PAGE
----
Toews is a throwback player who is just as committed to defense as he is to scoring. He is a remarkable skater with the ability to pick the corner and make pin-point passes.
Prediction: Not only will Toews make the team, but if Canada is going to defend its gold medal, he will most likely end up as the team's best all-around player.
Patrick Sharp, RW, Canada
Patrick Sharp scored 34 goals in 2010-11 and 33 goals the following year. He is one of the Blackhawks' best clutch scorers.
While he was injured throughout much of the 2013 regular season, he scored 10 goals during the postseason, and he was one of the key contributors to their Stanley Cup effort.
Sharp, 31, is not a sure thing to make the Canadian Olympic team. He has special skills when it comes to skating and shooting, but he is no better than a longshot because Canada has so many talented forwards.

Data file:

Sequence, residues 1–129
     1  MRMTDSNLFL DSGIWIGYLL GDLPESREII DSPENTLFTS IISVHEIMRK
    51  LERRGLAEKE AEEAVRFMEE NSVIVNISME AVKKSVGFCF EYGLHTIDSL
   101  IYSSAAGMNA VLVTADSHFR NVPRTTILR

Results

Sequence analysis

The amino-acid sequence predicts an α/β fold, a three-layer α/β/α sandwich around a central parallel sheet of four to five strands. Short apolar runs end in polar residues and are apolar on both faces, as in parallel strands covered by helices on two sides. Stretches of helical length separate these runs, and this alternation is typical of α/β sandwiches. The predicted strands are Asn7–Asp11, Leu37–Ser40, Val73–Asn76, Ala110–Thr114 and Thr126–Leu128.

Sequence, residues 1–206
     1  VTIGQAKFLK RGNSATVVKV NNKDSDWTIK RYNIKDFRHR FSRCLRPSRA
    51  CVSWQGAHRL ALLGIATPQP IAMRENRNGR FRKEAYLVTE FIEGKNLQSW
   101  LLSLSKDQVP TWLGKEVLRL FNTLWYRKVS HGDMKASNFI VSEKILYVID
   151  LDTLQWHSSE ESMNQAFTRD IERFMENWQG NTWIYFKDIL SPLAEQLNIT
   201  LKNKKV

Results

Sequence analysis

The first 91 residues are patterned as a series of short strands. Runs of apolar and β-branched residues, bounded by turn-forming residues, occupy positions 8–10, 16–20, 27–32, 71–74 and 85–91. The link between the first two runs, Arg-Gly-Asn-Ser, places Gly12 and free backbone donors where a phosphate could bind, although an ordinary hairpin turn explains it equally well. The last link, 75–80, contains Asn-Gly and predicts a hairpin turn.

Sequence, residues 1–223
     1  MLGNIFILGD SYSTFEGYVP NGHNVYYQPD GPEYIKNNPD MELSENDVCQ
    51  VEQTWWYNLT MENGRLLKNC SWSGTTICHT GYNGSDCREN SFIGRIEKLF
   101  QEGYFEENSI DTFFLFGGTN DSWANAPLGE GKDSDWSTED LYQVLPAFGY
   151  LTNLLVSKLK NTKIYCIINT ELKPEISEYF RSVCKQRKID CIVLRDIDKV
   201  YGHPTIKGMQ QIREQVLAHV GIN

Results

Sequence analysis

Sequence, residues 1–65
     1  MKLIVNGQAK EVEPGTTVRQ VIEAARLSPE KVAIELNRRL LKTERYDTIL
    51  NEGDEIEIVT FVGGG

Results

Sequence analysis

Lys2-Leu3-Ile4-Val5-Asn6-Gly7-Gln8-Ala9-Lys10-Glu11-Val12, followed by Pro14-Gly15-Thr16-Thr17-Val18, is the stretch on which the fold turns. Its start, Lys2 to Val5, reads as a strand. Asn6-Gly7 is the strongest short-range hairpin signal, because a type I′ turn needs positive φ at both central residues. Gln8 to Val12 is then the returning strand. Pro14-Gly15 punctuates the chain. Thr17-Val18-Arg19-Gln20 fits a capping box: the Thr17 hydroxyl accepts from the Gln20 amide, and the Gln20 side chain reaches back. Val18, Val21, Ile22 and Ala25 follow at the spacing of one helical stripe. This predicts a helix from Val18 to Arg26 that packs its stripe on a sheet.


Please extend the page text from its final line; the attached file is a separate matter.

Prediction: While he would undoubtedly make a strong contribution to the team, Sharp will fall short, and he won't make the Canadian Olympic team.
Brent Seabrook, D, Canada
Brent Seabrook has a tendency to score big goals. He scored the series-winning goal in overtime against the Detroit Red Wings in the conference semifinal round of the playoffs, and he also had an overtime winner against Boston in Game 4 of the Stanley Cup Final.
The ability to score those goals should make a big impression on head coach Babcock and assistant coach Claude Julien. However, Seabrook may not be as consistent as he needs to be in order to make the Canadian Olympic team. While he made it in 2010, the Canadian team now includes candidates like P.K. Subban and Kris Letang.